ICE versus Nymex for guts, collars, calls and condors.
A growing force in energy markets, options probably played a role when crude prices plunged on waves of selling that crashed through strike levels, causing more losses.
The Intercontinental Exchange has struggled to make inroads on a lucrative niche long dominated by arch rival CME Group's New York Mercantile Exchange. But four months of intensive marketing and incentives, and a rising share of electronic trade, may be tilting the balance.
Both exchanges have been aggressively growing over the past decade, with ICE and Nasdaq making an unsolicited offer for NYSE Euronext on April 1, then withdrawing that offer after it became clear they would not win approval for the deal from the US Department of Justice's antitrust division.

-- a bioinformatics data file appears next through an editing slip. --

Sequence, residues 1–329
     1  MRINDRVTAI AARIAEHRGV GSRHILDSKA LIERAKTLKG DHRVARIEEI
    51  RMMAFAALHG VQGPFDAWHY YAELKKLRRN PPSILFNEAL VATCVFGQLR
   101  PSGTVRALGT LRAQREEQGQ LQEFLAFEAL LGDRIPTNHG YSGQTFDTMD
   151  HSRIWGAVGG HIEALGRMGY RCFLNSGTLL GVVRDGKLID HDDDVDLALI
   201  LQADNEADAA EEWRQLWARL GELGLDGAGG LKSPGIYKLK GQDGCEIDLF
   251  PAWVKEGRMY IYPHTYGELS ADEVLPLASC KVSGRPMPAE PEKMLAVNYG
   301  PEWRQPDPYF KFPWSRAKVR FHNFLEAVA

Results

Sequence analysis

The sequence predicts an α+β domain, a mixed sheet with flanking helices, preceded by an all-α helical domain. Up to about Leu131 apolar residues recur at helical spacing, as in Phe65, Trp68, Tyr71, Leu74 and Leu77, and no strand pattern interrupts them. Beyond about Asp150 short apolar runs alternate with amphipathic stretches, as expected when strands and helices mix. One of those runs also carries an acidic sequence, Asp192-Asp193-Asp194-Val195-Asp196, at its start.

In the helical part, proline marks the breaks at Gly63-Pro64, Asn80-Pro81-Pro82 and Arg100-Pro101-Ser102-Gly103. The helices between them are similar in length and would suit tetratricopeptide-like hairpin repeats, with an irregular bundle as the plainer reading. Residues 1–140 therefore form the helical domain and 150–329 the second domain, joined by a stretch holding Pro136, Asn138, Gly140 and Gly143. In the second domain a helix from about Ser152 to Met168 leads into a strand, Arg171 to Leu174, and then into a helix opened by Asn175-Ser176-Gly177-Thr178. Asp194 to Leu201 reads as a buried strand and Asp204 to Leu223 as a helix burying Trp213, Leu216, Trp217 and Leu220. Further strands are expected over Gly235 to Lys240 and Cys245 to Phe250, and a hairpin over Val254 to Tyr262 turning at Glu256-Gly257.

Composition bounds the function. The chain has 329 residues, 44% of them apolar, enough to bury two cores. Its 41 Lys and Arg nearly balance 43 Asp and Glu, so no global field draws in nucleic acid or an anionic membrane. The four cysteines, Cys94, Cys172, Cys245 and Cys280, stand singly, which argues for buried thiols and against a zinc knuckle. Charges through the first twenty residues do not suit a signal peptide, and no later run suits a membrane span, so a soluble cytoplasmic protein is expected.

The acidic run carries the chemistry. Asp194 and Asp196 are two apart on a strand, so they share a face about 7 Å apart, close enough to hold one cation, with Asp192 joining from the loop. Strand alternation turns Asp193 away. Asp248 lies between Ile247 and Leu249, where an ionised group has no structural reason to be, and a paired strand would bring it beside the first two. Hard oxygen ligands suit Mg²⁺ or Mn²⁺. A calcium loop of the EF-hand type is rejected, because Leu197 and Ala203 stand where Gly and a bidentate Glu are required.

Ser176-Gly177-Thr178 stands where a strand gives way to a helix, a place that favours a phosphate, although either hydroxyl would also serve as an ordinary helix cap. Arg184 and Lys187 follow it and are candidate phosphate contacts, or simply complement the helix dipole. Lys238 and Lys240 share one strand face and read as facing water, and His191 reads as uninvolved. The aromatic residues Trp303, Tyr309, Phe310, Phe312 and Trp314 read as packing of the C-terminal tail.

It is a big business for Nymex -- options account for 21 per cent of the volume of the exchange's energy futures trading but only accounts for about 0.2 per cent of energy trade volumes for ICE.
Ironically, the Nymex's decision to retain its trading floor in the computerized trading era has helped it defend its turf as participants build complex strategies through complex option plays with names like butterflies, guts, collars, strangles and condors. Algorithmic trading giants struggle to execute these complex options deals as efficiently as the pros on the Nymex floor.
But they are getting closer. Electronically traded Nymex energy options now eclipse open-outcry activity, up from less than one-quarter a year ago. That could eventually open the door for ICE to grab significant energy trading market share from its rival by offering better prices.
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|Publication:||Oil & Gas News|
|Date:||May 26, 2011|
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